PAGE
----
Raising the legal drinking age to 21 has proved more effective in reducing drunken-driving deaths among 19- and 20-year-olds than did the threat of stiff legal penalties for drunken drivers, according to a comparison of the two policies in Tennessee.> Curiously, tougher laws did deter drivers who were older and younger than this age group. But the deterrent effect lasted only a few years.
In a study published in Friday's issue of the Journal of the American Medical Association, researchers at Vanderbilt University School of Medicine and the federal Centers for Disease Control studied the effect of recent changes in Tennessee laws on death rates from automobile accidents in people aged 15 to 21.
Dr. Michael D. Decker, the report's principal author, said the study underscores the importance of recent successful efforts to establish a nationally uniform drinking age of 21, particularly since 19- and 20-year-olds apparently are relatively unswayed by the threat of penalties for drunken driving.
"At that age, you know you're immortal, you know you'll never be caught and you know that all accidents are survivable," he said. "You just think they're talking about someone else."
The study sought to address disagreement among public health experts over the relative effectiveness of laws, publicity and community campaigns in reducing alcohol-related accidents among young people. Auto accidents are responsible for the majority of fatal injuries, and injuries are the leading cause of death in people under 45.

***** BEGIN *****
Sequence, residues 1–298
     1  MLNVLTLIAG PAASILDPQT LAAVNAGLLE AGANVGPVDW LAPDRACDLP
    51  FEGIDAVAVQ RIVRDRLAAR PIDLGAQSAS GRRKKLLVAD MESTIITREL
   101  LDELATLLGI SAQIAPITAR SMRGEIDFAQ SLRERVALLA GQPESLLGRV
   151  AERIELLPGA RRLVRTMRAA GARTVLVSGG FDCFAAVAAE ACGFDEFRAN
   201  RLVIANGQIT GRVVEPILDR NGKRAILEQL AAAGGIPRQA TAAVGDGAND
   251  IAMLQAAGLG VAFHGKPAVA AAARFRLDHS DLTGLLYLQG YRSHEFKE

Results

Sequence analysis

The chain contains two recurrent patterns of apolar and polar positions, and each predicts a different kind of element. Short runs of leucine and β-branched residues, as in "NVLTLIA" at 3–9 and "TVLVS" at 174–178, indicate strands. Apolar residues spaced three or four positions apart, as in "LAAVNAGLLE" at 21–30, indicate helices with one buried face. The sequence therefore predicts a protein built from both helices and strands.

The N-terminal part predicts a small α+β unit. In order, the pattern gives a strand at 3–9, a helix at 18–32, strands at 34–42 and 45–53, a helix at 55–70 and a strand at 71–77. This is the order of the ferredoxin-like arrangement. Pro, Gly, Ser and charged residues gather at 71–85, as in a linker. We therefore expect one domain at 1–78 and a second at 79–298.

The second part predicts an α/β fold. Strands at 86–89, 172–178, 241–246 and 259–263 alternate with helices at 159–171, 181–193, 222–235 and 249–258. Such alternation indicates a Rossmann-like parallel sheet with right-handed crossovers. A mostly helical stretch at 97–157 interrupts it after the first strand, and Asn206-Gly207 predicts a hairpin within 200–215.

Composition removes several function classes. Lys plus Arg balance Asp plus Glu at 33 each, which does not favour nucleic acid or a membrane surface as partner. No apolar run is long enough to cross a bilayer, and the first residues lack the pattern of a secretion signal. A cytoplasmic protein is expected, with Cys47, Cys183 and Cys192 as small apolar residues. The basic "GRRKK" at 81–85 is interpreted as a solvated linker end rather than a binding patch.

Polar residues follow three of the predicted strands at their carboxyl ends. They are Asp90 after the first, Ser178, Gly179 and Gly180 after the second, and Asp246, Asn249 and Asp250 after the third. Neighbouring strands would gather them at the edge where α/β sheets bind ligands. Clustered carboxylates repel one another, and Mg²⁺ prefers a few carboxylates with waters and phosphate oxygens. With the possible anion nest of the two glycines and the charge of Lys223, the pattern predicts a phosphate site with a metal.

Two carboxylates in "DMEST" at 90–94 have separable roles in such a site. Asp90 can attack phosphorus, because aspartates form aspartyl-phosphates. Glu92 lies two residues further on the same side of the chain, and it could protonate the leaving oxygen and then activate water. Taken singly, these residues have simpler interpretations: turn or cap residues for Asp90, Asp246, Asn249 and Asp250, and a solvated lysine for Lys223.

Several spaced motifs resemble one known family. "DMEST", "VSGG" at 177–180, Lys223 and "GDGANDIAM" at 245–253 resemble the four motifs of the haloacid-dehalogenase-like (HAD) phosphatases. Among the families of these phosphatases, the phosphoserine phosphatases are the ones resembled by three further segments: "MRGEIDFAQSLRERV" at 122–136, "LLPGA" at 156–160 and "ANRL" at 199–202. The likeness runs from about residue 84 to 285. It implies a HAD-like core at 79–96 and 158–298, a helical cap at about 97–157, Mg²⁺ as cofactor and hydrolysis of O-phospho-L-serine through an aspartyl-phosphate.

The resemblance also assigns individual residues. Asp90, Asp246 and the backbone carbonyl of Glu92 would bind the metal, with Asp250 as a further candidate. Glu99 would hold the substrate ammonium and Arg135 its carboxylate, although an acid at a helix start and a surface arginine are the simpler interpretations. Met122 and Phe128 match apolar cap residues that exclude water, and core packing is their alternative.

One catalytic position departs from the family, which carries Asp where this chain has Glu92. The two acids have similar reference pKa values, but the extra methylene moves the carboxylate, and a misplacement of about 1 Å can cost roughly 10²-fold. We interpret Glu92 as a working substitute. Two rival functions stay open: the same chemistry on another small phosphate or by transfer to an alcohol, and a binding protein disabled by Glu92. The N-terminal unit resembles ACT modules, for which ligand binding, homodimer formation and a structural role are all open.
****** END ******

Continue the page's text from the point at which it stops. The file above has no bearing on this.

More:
In the study, researchers used changes in automobile accident death rates among various age groups to assess the effect of two Tennessee laws, a 1982 measure that tightened penalties for drunken driving and a 1984 law that raised the legal drinking age from 19 to 21. The study focused on death rates from single-vehicle nighttime accidents, which tend to be higher in younger drivers and are considered an indicator of drunken-driving rates.
For two age groups studied, drivers aged 15 to 18 and drivers aged 21 to 24, they noted dramatic but temporary declines in death rates starting in 1982, when the tougher penalties went into effect. For the older age group, the decline was short-lived, and death rates rose to their original level by early 1984. For the younger drivers, the lowered death rate persisted until 1986 but eventually rose to the pre-1982 level.> In contrast, the death rate among 19- and 20-year-old drivers was unaffected by tightening the penalties for drunken drivers. But in the 28 months after the legal drinking age was raised, the death rate in this age group decreased by 38 percent. Death rates in 15- to 18-year-olds and in 21- to 24-year-olds were unaffected by the change in drinking age.
Following the repeal of Prohibition, 21 was the legal drinking age in all jurisdictions where drinking was allowed until the 1970s. But in that decade, various factors, including the Vietnam War and a 1970 law lowering the voting age to 18, influenced 29 states to lower their legal drinking age.> Decker said his study also suggests that publicity and community campaigns associated with tightening drunken-driving penalties can reduce death rates, particularly among the youngest drivers, but that such effects are transient unless public attention continues to focus on the problem.
"In the high school-age kids, there is a profound effect from the publicity," he said. "They are at the age when they're beginning to make decisions about drinking and driving."